MRI (Magnetic Resonance Imaging)
Although the images from a CT scan and MRI may look similar, they are totally different. The MRI does not use radiation. Instead, it makes use of a powerful magnetic field and radiofrequencies that cause the body's hydrogen atoms to move in and out of normal alignment. The process of re-alignment is recorded to produce pictures or images of your internal organs and structures. While CT can differentiate between soft tissues and bony structures, MRI is preferable when imaging soft tissues. Most common MRI studies are of the brain, knee, shoulder, spine, abdomen and the vascular system.
What can I expect during the exam?
A highly trained MRI technologist will assist you in getting situated and comfortable, explain the procedure, and answer questions you may have. The technologist will monitor the exam from the adjacent control room and you will be able to communicate with them using a two-way intercom. If you desire you may listen to music during the exam through headphones. As the exam begins, the table will gently slide into the magnet's opening. The first of multiple MRI sequences will then begin and you will be asked to remain still throughout the procedure. During each sequence, you will hear a tapping noise indicating the imaging process is in progress. The area of the body to be scanned and the complexity of the study determine the number of sequences. MRI has the ability to display details that cannot be seen with other imaging techniques.
For certain procedures, patients may be given an intravenous injection to increase the contrast between different tissues. An MRI exam is painless with no side or after effects.
Will I be exposed to radiation?
No radiation is used during an MRI exam. Unlike a traditional x-ray, MRI relies on a magnetic field and radio frequency.
How long will the exam take?
Depending on how many images are to be generated, an MRI exam generally takes 30 to 45 minutes, although a very detailed study may take longer.
How do I prepare for the exam?
In most cases, no special preparation is needed. You may continue your daily routine, eating, drinking and taking any medications as you normally would. Should your exam require any special preparations, the healthcare provider scheduling your exam will give you instructions.
Everyone needs to be screened before entering the MRI suite. Any metallic object might be affected or attracted by the magnetic power of the MRI. It is important that no metal of any kind be permitted in the exam room. It is recommended that you wear clothing without metal zippers, snaps or buttons. If you prefer, you may change into a hospital gown prior to your exam. You will be asked to remove all jewelry, coins, keys, bobby pins, credit cards, pocketknives, and any other metallic objects before entering the exam room. Some permanent eyeliner and jewelry can cause injury. Make-up that contains metal flakes can heat and cause skin irritation. Ladies you may be asked to wash off removable makeup before the exam to avoid the risk of eye injury. Tattoos can contain metal dyes that can heat and cause skin irritation.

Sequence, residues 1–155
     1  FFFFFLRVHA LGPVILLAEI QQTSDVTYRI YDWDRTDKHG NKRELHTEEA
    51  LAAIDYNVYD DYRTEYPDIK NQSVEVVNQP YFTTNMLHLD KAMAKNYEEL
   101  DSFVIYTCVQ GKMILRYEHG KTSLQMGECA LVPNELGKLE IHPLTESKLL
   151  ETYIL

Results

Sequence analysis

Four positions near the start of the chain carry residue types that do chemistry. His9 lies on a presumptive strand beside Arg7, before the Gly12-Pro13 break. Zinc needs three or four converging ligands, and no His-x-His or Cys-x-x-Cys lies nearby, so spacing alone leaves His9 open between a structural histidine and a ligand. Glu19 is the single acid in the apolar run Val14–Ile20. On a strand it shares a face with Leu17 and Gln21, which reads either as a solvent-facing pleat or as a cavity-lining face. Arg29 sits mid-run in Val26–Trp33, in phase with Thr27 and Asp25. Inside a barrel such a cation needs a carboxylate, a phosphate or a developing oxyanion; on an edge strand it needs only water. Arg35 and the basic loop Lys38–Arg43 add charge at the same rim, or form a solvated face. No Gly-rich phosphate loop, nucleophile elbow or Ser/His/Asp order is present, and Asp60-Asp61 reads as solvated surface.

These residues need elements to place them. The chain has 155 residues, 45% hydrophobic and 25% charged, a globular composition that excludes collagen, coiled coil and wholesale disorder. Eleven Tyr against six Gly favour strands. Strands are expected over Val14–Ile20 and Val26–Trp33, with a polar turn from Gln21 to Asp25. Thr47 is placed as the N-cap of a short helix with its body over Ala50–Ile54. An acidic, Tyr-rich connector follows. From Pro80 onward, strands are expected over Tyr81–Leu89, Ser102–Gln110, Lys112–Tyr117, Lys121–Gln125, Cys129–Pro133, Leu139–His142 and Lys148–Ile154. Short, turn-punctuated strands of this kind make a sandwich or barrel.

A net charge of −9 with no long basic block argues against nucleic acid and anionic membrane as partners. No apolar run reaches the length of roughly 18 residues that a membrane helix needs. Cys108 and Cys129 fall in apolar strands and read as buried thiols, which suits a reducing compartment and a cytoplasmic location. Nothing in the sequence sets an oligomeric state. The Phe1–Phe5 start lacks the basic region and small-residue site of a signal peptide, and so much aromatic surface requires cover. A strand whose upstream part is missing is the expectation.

Some patients may have metal inside their bodies. Before entering the MRI suite, please inform your technologist if you have:
a cardiac pacemaker, artificial heart valve or aneurysm clips
any type of metal plate, prosthesis, pin or metallic implant
an intrauterine device, such as Copper-7 IUD
any metal fragments in your body (from a previous gunshot wound or from exposure to metal fragments on the job)
In some cases, patients with any of the above will be rescheduled for an alternative diagnostic exam. Our personnel will determine whether or not you should proceed with this type of procedure.
To learn more about MRI safety visit www.MRIsafety.com.
How will I know the results?
Following your exam, a radiologist specializing in MRI will analyze and interpret the images from your exam and prepare a full report. This report will be sent directly to your physician who will share the results with you. To request a copy of the report, you may contact your physician's office or Midland Memorial Hospital's Medical Records Department at (432) 221-1600.
How do I schedule an appointment?
The physician's office will either contact the MRI department to schedule your appointment or may have you call and make the arrangements. If your physician would like for you to make the arrangements please contact us at (432) 221-4911 and have your order available when you call. We will need to know the type of MRI and the diagnosis your physician has indicated for the procedure.
What do I need to bring with me the day of the exam?
You will need to bring the order your physician gave you, a form of personal identification, and any insurance or Medicare information. If you are taking any medications, please print and complete the second page of the Pocket Medication Card form and bring the list with you. Please do not bring the medications.This will help expedite your visit and reduce the possibility of losing any of your medications.
Midland Memorial Hospital
400 Rosalind Redfern Grover Parkway
Midland, Texas 79701-9980